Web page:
No relief till stabilisation!

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PRIME Minister Imran Khan, on Monday, expressed his inability to immediately ease tight monetary and fiscal policies and withdraw the Computerized National Identity Card (CNIC) condition amid industrialists’ concerns that more industrial units can become sick due to prevailing conditions. A delegation of the Federation of Pakistan Chambers of Commerce and Industry (FPCCI) met him to seek urgent relief to save the industries but did not receive positive response on the plea that at this stage no relief can be provided due to ongoing economic stabilization policies.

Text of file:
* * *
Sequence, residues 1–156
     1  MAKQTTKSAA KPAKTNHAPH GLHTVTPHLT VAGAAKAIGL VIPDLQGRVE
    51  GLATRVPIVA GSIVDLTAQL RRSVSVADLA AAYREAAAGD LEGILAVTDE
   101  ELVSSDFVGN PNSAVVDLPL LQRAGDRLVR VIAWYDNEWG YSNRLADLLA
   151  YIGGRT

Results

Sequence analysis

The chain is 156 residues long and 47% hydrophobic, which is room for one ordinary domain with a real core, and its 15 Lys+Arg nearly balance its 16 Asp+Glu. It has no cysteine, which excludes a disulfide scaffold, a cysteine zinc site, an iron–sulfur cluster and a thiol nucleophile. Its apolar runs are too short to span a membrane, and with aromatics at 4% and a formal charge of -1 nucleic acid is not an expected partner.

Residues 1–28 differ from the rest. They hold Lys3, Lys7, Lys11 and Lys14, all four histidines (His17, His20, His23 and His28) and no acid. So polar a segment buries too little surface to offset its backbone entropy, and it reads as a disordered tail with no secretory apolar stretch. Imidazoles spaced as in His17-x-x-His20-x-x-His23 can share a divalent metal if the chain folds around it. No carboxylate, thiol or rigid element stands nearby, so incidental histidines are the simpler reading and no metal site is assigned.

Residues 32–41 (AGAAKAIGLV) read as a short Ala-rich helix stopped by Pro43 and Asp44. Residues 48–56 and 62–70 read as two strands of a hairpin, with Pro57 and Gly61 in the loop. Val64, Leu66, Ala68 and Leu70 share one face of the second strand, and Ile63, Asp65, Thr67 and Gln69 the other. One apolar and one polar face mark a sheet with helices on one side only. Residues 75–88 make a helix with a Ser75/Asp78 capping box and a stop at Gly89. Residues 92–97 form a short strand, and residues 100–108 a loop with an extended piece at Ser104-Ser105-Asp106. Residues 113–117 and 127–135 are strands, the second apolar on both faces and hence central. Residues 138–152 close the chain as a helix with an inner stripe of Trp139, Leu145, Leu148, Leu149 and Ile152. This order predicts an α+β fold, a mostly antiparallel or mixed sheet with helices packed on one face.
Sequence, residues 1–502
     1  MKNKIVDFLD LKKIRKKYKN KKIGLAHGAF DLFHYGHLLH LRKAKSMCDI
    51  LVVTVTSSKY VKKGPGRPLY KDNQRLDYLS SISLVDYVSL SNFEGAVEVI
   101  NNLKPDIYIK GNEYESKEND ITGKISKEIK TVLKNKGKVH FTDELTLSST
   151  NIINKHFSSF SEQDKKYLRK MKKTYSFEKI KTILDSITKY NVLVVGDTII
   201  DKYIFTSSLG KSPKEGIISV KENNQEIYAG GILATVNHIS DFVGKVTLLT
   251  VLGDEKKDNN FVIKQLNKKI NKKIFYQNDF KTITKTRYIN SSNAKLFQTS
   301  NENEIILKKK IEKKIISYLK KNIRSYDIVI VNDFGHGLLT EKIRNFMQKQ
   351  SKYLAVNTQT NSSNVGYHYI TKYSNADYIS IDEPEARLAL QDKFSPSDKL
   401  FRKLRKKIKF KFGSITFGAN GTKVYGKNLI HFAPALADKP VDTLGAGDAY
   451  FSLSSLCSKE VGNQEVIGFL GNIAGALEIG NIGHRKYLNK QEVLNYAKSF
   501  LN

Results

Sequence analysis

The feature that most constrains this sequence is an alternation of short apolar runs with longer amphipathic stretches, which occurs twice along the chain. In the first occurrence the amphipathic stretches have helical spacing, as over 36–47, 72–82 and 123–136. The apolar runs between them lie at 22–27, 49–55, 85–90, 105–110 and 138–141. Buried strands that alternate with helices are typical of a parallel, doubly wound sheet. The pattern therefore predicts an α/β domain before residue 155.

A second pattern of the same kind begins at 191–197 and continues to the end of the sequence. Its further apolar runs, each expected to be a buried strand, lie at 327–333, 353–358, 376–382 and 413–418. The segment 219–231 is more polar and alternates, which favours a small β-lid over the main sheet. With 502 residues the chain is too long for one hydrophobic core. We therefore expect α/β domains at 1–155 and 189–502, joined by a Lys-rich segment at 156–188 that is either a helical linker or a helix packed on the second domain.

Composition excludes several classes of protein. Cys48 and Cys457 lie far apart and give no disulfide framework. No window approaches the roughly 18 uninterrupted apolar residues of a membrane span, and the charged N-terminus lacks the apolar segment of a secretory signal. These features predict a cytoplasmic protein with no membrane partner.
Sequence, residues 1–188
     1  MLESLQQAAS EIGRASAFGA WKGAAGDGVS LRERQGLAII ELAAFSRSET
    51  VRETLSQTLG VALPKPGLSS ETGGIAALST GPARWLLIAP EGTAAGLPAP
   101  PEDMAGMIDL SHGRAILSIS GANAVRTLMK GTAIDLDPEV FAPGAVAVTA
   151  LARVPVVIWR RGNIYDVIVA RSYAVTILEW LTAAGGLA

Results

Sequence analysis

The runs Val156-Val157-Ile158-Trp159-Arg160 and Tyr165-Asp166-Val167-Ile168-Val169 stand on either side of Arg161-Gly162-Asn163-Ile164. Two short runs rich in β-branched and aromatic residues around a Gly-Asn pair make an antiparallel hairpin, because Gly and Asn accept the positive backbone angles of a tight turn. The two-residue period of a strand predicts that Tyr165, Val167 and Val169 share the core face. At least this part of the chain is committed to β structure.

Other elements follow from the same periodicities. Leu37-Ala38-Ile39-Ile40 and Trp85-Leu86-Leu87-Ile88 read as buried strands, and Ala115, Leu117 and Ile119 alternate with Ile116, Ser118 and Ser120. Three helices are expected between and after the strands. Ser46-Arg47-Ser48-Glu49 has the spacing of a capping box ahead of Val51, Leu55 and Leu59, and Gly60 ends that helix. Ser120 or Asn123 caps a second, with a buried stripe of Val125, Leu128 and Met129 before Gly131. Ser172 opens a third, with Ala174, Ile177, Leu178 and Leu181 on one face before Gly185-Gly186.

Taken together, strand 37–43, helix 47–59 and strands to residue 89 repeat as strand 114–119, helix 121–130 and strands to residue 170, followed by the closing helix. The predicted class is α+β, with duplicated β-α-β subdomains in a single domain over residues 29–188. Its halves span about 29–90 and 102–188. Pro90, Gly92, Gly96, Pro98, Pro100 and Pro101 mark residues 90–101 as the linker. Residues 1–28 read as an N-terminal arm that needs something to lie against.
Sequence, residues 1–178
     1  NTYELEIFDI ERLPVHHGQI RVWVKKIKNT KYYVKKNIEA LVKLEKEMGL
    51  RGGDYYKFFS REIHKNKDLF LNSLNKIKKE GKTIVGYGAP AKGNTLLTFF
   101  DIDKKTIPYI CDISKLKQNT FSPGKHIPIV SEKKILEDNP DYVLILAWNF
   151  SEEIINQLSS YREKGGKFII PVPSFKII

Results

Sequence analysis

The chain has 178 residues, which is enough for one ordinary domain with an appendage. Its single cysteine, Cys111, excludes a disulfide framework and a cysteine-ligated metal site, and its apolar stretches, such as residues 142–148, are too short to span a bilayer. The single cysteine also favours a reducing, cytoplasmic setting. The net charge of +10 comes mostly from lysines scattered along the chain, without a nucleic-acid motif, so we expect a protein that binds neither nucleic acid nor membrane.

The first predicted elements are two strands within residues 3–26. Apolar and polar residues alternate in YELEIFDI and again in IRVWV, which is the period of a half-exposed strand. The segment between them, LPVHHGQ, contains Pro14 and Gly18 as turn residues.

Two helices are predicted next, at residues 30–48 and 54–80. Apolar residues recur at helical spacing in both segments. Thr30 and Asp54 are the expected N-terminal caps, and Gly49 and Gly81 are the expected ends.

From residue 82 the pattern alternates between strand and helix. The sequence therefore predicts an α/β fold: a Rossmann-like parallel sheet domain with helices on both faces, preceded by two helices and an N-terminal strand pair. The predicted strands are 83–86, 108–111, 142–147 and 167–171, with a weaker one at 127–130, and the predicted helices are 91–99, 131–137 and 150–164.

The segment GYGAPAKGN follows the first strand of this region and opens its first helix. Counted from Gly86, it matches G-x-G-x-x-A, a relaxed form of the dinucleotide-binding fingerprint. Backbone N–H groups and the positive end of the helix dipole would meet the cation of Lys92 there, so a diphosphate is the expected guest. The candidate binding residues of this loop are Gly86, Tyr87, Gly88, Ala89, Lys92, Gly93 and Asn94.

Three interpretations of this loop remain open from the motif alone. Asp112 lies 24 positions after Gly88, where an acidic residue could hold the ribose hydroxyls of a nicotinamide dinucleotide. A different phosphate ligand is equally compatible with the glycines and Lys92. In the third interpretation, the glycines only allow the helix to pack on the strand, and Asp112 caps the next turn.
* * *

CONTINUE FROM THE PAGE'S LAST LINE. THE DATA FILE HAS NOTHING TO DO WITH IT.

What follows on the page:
The points raised by representatives of the industrialists were quite relevant and have much to do with the prevailing economic recession, therefore, it was expected that their concerns would evoke a favourable response from the Government. According to reports, the industrialists placed three main demands before the Prime Minister — cut in peak high interest rate, reduction in energy prices and withdrawal of CNIC condition on purchase of over Rs 50,000. With the exception of the last one, which is related to documentation of the economy, therefore, must not be compromised for vested interests, other demands were genuine. It is intriguing that all over the world the interest rate is kept to the minimum as part of the policy to ensure ease of doing business and reduce the input cost but in Pakistan this has been increased to as high as 13.25%. No one knows whose interest this high rate is serving except allowing banks to have windfall profit without passing it on to their clients and account holders. Similarly, how industry can become viable in the face of ever-increasing rates of electricity and gas besides their chronic shortages that affect production and push the cost of production up. An analysis of the power bills would reveal that rates of electricity are almost doubled for same units for the month of December 2019 as against the same month previous year. Upward revision of power tariff to recover high technical and line losses amounts to penalizing consumers and rewarding incompetence and inefficiency of the discos. There is also gas load-shedding for industries these days and seven industrial associations of Karachi held protest on Monday outside the offices of the Sui Southern Gas against gas shortages attributing them to the incompetence of the federal government. The delegation of the FPCCI legitimately pointed out that if the Government did not immediately remove irritants, the industrial units, which are already running at 40% of their capacity, may start failing sick. The plight of the industry is reflected in what happened to the auto sector for which first half of 2019-20 proved highly disappointing as car sales plunged by 43.2 per cent to 59,097 units, from 104,038 in same period last year. Analysts say one of the reasons of slowdown in sales was high car prices as assemblers passed on the impact of federal excise duty of 2.5-7.5pc and additional customs duty on imports of parts, while steep interest rate of 13.25pc further hurt the already ailing sector. The massive devaluation of rupee also forced the companies to jack up prices and as a result cars are going beyond the reach of the people. Under these circumstances, it is apprehended that foreign companies, which earlier showed keen interest to launch new ventures or expand the existing one might reconsider viability of their projects. Economic stabilization should not mean just cutting expenditure and squeezing the existing tax-payers to pay more as such a policy has its own ramifications for business and industrial activities. Instead, stabilization should be achieved by providing maximum relief to businessmen, industries and the agriculture sector. Why to insist on keeping the interest rate high when the central bank itself has acknowledged in its latest report that “a number of industries within the large-scale manufacturing struggled with inventory build-ups amid rising input costs during the quarter. With gross margins squeezed and financing costs rising, firms scaled back their operations to save their bottom lines from dropping further”. As most of the inflationary measures have their origin in IMF conditionalities, people rightly believe that IMF programme is a bane and not boon. The leadership has repeatedly claimed that 2020 would be year of relief and growth but insistence on continuation of the existing approach contradicts this cherished objective.